6. You are correct in your summary of the law, but it is worth noting that this was not clarified until March last year in the aftermath of the Carl Bridgewater appeal. The Lords split in that case 4-1, with the view you identify best expressed by Lord Bingham at para 23 and Lord Brown at paras 92 – 107. The Law Lord in the minority was Lord Rodger (a former Conservative law officer). His view takes into account the general principles of tort (delict in Scotland) that liability is influenced by fairness, justice, and reasonableness. At para 82 of the judgment he summarises his position,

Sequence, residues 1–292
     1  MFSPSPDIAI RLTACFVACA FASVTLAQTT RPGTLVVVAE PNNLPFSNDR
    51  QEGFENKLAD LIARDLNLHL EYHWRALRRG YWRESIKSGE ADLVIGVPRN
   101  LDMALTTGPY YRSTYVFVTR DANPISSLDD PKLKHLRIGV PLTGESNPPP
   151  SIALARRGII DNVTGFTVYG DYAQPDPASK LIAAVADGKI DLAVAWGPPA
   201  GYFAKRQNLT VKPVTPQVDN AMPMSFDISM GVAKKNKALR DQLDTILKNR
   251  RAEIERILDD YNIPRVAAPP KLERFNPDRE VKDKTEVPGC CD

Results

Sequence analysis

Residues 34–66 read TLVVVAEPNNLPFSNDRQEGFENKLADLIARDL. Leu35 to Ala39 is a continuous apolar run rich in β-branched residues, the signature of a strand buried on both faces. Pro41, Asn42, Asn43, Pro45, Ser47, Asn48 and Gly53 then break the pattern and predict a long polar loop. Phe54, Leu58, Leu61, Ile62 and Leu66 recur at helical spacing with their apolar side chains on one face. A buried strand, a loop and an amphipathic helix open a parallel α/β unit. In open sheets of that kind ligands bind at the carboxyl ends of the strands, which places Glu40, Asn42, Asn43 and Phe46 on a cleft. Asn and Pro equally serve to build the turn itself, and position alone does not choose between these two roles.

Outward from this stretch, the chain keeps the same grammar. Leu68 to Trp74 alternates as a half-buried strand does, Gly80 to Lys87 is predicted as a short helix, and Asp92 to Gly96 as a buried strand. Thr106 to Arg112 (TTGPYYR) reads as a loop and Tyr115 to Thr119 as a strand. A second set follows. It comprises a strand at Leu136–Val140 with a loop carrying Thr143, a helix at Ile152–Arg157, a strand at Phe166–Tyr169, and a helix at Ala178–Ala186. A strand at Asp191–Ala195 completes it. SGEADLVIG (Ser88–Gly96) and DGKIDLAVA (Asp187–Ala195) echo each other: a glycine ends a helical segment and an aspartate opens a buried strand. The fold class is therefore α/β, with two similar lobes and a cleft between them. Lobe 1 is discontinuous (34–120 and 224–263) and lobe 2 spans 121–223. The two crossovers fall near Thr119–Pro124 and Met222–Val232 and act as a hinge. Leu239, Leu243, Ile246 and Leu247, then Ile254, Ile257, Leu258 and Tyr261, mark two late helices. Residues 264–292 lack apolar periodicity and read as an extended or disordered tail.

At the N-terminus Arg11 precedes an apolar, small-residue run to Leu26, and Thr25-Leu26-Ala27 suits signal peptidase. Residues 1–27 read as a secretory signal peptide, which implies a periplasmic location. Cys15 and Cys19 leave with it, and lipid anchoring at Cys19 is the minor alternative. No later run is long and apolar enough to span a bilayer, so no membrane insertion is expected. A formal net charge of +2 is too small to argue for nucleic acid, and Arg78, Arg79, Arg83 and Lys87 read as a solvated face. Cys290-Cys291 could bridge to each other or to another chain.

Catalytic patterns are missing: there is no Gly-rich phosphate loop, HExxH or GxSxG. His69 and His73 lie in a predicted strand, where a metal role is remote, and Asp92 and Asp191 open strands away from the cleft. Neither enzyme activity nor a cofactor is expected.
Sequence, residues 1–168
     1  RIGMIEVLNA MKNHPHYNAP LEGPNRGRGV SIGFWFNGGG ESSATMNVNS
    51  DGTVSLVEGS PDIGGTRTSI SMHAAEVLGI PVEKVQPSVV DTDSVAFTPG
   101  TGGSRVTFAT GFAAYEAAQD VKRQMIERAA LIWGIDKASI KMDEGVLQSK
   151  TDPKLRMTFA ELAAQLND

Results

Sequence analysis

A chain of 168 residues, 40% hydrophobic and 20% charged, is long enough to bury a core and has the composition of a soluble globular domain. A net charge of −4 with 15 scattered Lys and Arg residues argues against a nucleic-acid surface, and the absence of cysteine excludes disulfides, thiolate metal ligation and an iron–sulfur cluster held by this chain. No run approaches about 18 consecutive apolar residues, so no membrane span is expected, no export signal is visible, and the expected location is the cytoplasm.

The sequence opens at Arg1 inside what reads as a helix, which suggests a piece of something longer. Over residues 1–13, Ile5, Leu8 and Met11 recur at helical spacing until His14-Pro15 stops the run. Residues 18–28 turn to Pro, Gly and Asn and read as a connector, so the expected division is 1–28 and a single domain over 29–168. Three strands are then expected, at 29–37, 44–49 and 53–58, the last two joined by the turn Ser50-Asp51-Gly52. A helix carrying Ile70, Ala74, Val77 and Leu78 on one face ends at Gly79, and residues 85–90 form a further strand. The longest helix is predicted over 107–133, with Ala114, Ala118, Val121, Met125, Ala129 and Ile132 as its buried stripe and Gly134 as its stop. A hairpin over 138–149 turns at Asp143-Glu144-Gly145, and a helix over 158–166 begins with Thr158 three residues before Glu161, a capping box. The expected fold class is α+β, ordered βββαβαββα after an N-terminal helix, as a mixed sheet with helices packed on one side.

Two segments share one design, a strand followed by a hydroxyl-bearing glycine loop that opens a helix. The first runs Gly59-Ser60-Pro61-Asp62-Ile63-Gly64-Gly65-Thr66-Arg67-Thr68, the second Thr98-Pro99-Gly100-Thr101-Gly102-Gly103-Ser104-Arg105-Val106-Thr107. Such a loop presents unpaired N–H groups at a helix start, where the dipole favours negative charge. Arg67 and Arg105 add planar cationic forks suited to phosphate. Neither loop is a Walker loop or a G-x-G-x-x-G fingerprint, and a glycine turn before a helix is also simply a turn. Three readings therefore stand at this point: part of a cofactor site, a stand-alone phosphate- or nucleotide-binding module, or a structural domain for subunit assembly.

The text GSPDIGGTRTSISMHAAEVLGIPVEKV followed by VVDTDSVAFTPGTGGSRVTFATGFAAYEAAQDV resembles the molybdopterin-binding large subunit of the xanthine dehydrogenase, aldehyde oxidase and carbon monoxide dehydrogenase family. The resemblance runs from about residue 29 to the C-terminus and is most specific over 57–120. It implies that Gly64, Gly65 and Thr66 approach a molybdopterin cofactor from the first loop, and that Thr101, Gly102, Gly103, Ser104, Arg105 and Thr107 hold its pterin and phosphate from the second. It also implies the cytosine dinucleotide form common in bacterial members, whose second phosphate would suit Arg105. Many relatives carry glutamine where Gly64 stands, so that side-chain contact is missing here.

“I find myself unable to accept … any … argument in favour of the deduction. Section 5 is designed to deal with an injured person’s maintenance while necessarily living in a caring institution for the purposes of treatment. I am by no means satisfied that Parliament would ever have envisaged that it would be extended by analogy to cover a prisoner’s maintenance while unjustifiably detained in a prison for the purposes of punishment. Indeed, at this point the assessor’s approach meets what I consider to be an insuperable objection. In the situation envisaged by Parliament, and indeed in all the situations where the courts have allowed a deduction for basic living costs, by the time the supposed saving occurs the defendant has already injured, but is no longer injuring, the claimant. The wrong is over and done with, even though its effects remain. Parliament provides that any savings which then accrue to the injured person, while he is being maintained at public expense in an institution providing treatment to remove or palliate those effects, are to be set off against any loss of earnings. By contrast, in the appellants’ situation the wrong was not over and done with when they were being maintained at public expense and the supposed savings accrued to them. On the contrary, their enforced but unjustified maintenance in prison at public expense for years on end is the very worst part of the injury which has been done to them and for which they are entitled to compensation. The actual infliction of the continuing wrong and the supposed saving are inextricably linked, just as they would be in the case of a prolonged kidnapping. That simple fact takes the appellants’ case beyond the reach of the kinds of policy considerations which favour offsetting the injured person’s savings against loss of earnings in the situations envisaged by Parliament and the courts. To put it no more strongly, justice, reasonableness and public policy surely dictate that no allowance should be made for so-called savings which the appellants were supposedly making while they were actually enduring the appalling wrong for which they are to be compensated.”